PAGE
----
Covid

Mr Emmanuel Bombande, a Senior United Nations Mediation Advisor in Central Africa, says the COVID-19 pandemic has underlined the imperative for African countries to collaborate and integrate their systems to confront their challenges from a stronger common platform.

“This is because when we refuse to cooperate as a people and as member states of the AU, we pay the price of completely subjecting ourselves to our own incapacities; and not what other people have made us to be, he explained in an interview with the Ghana News Agency in Accra.

From the start, he said, the countries should have coordinated their responses continentally so they would have resonated with that of their neighbouring countries, especially because of the many porous borders.

“The countries, could in particular, have coordinated on how to close their borders simultaneously, how long they should close, and also how to coordinate their aviation sectors so that the individual countries would have seen their efforts coordinated, and sent “a message of power and ownership of Africans capable of formulating polices and doing things together,” Mr Bombande said.

“This would also have helped to prevent the infiltration of people from neighbouring countries”.

The GNA’s interview was to seek the renowned peace mediator’s perspectives on how to make the African Union more relevant in confronting the continent’s challenges today, as Ghana joins to commemorate the African Union Day, on Monday, May 25.

The theme for celebration, which being observed virtually in many of the countries to contain the spread of COVID-19 is: “Silencing The Guns: Creating Conducive Conditions for Africa’s Development and Intensifying the Fight against the COVID-19 Pandemic”.

Mr Bombande stated: “I’m reemphasising that the aspirations of the African people have not changed and that this is not whether or not we have been able to journey to the point of total satisfaction; but the fact that our quest to seek the freedom and equality of the African people, the dignity of the African people, and justice for all, have not changed.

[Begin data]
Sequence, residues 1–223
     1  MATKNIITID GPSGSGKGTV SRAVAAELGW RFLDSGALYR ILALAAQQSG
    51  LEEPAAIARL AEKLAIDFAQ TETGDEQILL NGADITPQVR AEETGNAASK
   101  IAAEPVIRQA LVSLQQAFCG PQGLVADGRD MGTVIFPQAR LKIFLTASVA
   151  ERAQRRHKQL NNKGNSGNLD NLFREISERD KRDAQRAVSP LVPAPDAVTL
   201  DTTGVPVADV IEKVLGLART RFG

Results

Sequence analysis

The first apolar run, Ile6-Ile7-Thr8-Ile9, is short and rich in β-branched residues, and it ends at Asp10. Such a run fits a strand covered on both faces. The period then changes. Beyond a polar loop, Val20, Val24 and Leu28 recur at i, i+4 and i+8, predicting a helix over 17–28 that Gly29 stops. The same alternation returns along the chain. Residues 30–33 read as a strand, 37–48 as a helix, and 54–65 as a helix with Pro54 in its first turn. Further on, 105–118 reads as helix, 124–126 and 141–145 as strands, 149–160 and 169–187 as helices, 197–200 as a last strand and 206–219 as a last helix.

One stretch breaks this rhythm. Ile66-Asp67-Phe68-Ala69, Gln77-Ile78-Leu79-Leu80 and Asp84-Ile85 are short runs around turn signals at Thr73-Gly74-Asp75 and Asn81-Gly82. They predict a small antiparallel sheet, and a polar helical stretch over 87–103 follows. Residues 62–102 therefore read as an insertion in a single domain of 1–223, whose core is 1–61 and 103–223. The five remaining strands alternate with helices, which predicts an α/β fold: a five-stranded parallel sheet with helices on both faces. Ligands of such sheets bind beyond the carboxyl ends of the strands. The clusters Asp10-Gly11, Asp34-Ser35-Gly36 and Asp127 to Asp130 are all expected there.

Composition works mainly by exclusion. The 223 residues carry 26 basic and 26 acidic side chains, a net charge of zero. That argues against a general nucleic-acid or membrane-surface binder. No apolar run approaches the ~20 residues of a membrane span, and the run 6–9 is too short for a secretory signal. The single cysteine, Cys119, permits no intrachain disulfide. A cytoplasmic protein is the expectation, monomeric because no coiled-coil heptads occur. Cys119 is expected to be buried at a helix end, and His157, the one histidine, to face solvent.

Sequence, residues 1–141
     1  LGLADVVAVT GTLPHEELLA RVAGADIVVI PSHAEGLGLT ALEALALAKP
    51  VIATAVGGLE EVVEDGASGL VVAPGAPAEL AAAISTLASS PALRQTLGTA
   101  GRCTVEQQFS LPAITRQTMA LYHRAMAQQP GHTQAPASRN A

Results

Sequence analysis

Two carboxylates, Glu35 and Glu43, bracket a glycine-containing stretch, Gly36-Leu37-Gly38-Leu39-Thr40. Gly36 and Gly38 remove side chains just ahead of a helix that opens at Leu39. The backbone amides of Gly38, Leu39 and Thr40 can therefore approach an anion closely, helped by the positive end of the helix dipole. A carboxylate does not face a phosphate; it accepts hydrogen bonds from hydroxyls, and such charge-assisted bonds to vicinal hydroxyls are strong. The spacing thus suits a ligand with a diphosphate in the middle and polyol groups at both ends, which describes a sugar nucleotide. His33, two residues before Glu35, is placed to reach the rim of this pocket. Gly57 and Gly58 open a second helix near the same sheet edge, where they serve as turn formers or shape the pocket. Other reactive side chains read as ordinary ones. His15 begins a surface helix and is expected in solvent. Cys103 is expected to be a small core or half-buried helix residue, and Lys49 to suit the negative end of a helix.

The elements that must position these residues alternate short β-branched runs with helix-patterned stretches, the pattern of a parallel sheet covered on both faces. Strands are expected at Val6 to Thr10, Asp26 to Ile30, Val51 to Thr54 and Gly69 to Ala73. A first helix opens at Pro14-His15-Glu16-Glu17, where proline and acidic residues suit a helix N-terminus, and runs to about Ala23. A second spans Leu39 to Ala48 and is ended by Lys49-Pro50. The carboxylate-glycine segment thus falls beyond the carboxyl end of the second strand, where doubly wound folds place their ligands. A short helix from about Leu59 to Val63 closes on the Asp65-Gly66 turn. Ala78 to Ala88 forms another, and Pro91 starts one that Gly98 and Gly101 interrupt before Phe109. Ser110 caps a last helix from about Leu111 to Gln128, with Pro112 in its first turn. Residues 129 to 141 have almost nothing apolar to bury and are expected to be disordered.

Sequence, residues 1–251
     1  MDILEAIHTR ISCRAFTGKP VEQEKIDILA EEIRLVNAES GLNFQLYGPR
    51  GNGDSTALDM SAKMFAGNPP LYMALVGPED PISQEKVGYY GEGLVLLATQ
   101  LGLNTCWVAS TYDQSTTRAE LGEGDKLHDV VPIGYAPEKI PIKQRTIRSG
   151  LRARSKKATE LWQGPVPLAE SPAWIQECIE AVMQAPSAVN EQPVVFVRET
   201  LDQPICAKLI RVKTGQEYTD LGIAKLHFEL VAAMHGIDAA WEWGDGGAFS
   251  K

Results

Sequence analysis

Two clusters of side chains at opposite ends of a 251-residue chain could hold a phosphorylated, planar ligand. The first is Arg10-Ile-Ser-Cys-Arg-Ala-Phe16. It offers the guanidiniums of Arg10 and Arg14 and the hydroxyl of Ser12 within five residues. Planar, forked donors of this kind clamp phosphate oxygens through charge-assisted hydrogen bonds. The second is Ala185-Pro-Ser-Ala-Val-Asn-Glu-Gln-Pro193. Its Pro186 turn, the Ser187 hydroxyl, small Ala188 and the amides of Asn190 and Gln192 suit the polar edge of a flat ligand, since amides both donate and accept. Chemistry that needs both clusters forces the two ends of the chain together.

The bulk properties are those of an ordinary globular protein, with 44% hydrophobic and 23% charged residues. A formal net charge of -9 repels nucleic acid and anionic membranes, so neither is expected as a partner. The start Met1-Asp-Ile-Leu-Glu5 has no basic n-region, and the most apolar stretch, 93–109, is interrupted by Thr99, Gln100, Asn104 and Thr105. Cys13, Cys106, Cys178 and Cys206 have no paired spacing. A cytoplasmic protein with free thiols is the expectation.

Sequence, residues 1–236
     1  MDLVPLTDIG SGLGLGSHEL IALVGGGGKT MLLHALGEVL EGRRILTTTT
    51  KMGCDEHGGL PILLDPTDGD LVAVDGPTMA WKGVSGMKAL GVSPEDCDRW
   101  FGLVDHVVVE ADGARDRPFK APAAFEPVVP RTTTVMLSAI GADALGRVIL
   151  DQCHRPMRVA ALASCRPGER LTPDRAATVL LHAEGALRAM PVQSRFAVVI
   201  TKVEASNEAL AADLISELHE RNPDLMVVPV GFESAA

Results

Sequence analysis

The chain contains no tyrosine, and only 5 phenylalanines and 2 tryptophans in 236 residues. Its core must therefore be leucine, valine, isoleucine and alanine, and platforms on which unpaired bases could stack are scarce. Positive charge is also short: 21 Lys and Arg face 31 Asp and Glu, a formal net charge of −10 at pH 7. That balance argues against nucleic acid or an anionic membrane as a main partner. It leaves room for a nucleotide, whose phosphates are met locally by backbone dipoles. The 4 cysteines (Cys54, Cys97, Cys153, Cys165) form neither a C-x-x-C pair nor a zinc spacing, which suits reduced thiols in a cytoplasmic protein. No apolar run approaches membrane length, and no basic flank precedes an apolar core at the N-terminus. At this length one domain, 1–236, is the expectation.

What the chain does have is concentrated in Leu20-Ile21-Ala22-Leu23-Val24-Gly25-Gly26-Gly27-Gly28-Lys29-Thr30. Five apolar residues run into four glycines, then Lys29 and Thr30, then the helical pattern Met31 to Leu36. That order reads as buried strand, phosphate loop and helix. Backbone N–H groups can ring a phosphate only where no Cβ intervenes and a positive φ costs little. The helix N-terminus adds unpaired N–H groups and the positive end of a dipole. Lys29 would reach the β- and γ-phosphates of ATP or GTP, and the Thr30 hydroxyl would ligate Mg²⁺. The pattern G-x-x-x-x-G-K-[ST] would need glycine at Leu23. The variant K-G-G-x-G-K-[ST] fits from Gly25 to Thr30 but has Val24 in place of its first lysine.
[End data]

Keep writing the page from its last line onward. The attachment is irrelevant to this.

“Therefore, as the continent marks it day, there is the need to remind ourselves of the responsibility and obligations on all the peoples and of our governments to continue to work towards the aspirations that we have set for ourselves”.

Mr Bombande, also a former Deputy Minister of Foreign Affairs and Regional Integration, recounted that the Organisation of African Unity, from 1963 to 1999, was the first-post independent continental institution to be set up, making it an important entity established by Africans themselves.

“It is a manifestation of our Pan-African vision for unity and for freedom and for the control of our own destiny,” he emphasised.

Mr Bombande said it was, nonetheless, helpful that individually the countries responded swiftly to the COVID-19 outbreak with some laudable containment measures, though, some of the responses were not the best across board.

“What we are saying is that at least the countries immediately put in measures that will deal with the pandemic”.

The pandemic, he noted, would seriously impact and threaten the progress of the continent, which prior to the outbreak, was experiencing the fastest growth rate in the world.

“There is also the potential of aggravating long standing inequalities between the very poor and the rich,” he said, explaining that more people would go into poverty because of the loss of jobs, unfavourable settlement patterns and food insecurity.

These would heighten hunger and malnutrition among children, as well as the vulnerability of other diseases.

“And that is why we need to coordinate things together as a continent, more than just each African country trying to respond, he said, adding that as the pandemic continued to impact on the continent, it would elicit the requisite coordination.

Mr Bombande said it was encouraging that the Chair of the AU, President Cyril Ramaphosa of South Africa, had been showing leadership in coordinating efforts by setting up a mobilisation team that would look at the impact of COVID-19 on Africa, and how to use an integrated approach to beat it.

The AU Day, marked annually, presents an avenue to celebrate some landmark achievements of the Union on issues, such as peace and security, continental integration, women and youth empowerment, and eradication of diseases.

It is also to reflect on the Union’s transformation and achievements and also renew commitments towards the realisation of sustainable development, as embedded in its Agenda 2063.

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